To read the texts click on the texts: Dan 1:1-6,8-20; Lk 21:1-4
Jesus’ comment on the widow’s offering follows immediately after his condemnation of the scribes, who “devour widow’s houses”. Luke omits most of Mark’s introduction to the widow’s offering (see Mark 12:41).
In the new scene, which Luke brings about by his comment that “He (Jesus) looked up and saw”, Luke introduces two sets of characters: the rich contributors and a poor widow. The action of both is the same. However, the size or amount of the gifts of the rich contributors is not mentioned, but it is explicitly stated that the widow put in two lepta, the smallest copper coins then in use. It would have taken 128 lepta to make one denarius, which was a day’s wage. Two lepta would therefore have been worthless. In a twist reminiscent of many of Jesus’ parables, Jesus states that the widow who put in what seems like a worthless amount has put in more than any of the rich contributors. The following statement clarifies how this could be. They contributed out of their abundance, but she out of her poverty. They contributed gifts she contributed herself.
We are challenged by Jesus’ praise of the widow. When we give, do we give with complete devotion and selflessness that marked the widow’s gift or do we give expecting something in return? By what measures do we calculate our actions? By what standards do we judge ourselves and others?
Beyond the obvious, however, Jesus’ example teaches his disciples that part of seeking the kingdom requires vindicating the poor, the widows, and the orphans. Jesus recognized their inherent worth and called on the community to care for the weakest and neediest in their midst. He recognized that those who were often sustained by the gifts of others could themselves give gifts of great value. Without knowing it, the widow gave others a timeless example of selfless devotion to God.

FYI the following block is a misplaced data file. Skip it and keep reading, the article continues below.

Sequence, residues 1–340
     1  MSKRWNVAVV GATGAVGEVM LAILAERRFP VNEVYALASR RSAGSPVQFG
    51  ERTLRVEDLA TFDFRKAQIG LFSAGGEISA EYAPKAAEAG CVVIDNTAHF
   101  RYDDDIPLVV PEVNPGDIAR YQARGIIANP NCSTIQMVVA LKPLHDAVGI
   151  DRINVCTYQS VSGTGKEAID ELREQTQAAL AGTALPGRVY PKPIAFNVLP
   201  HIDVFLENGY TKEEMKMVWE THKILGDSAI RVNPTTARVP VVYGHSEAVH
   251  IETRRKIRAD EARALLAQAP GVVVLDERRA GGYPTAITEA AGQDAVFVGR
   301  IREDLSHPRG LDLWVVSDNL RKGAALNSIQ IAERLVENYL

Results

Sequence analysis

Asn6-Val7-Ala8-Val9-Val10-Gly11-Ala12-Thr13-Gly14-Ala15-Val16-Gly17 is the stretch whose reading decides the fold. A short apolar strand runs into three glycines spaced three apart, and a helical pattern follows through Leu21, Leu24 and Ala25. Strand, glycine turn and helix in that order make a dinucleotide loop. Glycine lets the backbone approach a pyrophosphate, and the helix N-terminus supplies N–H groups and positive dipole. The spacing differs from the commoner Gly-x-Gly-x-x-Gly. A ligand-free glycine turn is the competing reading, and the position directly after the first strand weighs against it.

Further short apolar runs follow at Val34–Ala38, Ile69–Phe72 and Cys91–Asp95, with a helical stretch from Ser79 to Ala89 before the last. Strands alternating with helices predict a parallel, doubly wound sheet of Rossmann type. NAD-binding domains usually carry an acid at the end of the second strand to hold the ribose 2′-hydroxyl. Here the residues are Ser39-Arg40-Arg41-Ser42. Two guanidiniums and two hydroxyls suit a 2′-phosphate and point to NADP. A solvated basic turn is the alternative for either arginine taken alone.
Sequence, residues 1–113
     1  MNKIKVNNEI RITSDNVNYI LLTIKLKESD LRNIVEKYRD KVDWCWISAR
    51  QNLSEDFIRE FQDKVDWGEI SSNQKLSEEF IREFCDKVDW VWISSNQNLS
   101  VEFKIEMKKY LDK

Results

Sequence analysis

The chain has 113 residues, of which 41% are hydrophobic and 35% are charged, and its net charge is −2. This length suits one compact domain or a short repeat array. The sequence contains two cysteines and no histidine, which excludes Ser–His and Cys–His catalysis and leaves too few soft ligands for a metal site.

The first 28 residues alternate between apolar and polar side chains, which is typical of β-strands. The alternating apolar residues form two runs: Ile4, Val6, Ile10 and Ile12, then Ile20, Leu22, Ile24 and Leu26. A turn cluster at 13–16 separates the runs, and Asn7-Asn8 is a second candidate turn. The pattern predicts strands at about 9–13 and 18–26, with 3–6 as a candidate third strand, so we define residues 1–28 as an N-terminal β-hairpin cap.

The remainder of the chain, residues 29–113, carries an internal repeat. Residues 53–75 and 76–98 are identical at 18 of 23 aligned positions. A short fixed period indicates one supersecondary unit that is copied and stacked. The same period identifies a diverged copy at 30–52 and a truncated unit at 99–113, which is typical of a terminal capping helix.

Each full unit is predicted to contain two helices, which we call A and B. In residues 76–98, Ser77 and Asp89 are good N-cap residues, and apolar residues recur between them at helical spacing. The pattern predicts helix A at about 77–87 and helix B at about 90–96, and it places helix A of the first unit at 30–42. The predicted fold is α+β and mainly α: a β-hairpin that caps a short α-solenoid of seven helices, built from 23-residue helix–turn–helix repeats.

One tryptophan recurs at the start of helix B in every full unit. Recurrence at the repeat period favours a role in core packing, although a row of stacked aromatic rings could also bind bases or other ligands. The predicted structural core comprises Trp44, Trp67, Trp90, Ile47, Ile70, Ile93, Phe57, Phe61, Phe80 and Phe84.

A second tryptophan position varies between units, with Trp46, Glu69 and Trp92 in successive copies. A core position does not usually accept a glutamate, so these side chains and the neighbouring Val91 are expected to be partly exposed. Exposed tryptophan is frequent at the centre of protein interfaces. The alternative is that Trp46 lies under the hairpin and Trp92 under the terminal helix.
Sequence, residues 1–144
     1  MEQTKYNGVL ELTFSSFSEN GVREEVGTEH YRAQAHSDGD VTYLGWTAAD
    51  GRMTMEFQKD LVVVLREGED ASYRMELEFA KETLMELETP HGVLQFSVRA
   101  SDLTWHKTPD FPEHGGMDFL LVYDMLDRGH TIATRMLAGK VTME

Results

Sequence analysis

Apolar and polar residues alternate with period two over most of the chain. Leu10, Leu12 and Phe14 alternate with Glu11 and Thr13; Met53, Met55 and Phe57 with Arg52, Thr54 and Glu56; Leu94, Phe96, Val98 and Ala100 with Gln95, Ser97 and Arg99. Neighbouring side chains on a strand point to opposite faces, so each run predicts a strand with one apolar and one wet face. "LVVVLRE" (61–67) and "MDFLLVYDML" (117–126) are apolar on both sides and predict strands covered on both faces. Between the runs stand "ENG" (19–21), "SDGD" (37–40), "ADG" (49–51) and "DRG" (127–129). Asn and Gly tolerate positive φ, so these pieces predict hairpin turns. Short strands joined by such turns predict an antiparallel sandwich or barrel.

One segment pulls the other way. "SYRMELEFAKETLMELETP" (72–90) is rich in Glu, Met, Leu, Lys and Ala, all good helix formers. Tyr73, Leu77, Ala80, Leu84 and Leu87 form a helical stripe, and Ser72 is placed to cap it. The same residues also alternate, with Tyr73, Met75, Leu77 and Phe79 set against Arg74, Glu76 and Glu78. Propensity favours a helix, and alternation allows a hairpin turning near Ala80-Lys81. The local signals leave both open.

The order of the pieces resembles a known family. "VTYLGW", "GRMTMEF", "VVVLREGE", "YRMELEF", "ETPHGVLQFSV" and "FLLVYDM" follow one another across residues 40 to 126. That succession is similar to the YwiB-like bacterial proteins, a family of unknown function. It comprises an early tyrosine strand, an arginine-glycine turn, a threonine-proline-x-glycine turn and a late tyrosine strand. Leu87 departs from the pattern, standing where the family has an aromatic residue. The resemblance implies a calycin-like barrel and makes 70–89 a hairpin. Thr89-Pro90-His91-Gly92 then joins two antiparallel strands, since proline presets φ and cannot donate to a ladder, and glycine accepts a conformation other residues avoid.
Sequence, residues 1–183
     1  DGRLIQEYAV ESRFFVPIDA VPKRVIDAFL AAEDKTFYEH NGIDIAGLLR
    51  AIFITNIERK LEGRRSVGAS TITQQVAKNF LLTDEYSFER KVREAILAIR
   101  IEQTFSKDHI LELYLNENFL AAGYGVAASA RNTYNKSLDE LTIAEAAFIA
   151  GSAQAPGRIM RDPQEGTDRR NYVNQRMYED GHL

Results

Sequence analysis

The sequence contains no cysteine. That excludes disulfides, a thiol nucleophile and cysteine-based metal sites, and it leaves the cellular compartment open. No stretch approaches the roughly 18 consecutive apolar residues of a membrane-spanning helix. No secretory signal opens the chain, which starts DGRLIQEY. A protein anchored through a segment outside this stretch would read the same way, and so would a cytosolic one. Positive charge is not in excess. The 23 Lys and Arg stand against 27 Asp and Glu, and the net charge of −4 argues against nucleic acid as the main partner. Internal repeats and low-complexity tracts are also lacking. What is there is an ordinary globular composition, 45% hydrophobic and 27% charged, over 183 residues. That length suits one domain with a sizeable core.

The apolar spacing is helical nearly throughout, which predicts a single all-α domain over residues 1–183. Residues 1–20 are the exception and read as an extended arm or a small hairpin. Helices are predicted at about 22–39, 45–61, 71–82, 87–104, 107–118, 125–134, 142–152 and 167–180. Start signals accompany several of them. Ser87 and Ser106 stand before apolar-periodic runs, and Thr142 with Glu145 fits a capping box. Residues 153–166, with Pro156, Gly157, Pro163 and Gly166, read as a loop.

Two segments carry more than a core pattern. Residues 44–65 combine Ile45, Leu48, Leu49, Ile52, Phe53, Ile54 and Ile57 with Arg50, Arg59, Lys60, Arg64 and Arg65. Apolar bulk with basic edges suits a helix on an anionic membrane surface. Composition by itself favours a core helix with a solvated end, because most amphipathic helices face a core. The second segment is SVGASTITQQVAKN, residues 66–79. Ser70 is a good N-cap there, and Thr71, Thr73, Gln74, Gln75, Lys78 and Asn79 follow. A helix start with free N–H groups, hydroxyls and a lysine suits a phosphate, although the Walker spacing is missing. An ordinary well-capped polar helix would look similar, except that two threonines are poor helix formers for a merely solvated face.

Small gifts are often easily overlooked. Jesus, however, was able to SEE and RECOGNISE one of the neglected and her magnanimity.
The first observation that might be made about this scene is that Jesus noticed one of the neglected. By singling out the widow as exemplary, Jesus also rejected the subtle presumption that those who gave the great gifts were more important or better than the one whose gift was small because her means were limited.
In a society in which wealth is the measure of success and happiness, the wealthy are often esteemed and given special treatment, while the poor are judged as failures who could have done better if they had tried. A person’s value or worth as a human being is, therefore, measured by the evidence of his or her prosperity and possessions. Just as in the parables, Jesus’ pronouncement here reverses the norms and standards by which we are accustomed to living. He turns our world’s standards on their head. A widow or a homeless person’s gift to God or to others may be more important than the gifts of the wealthy.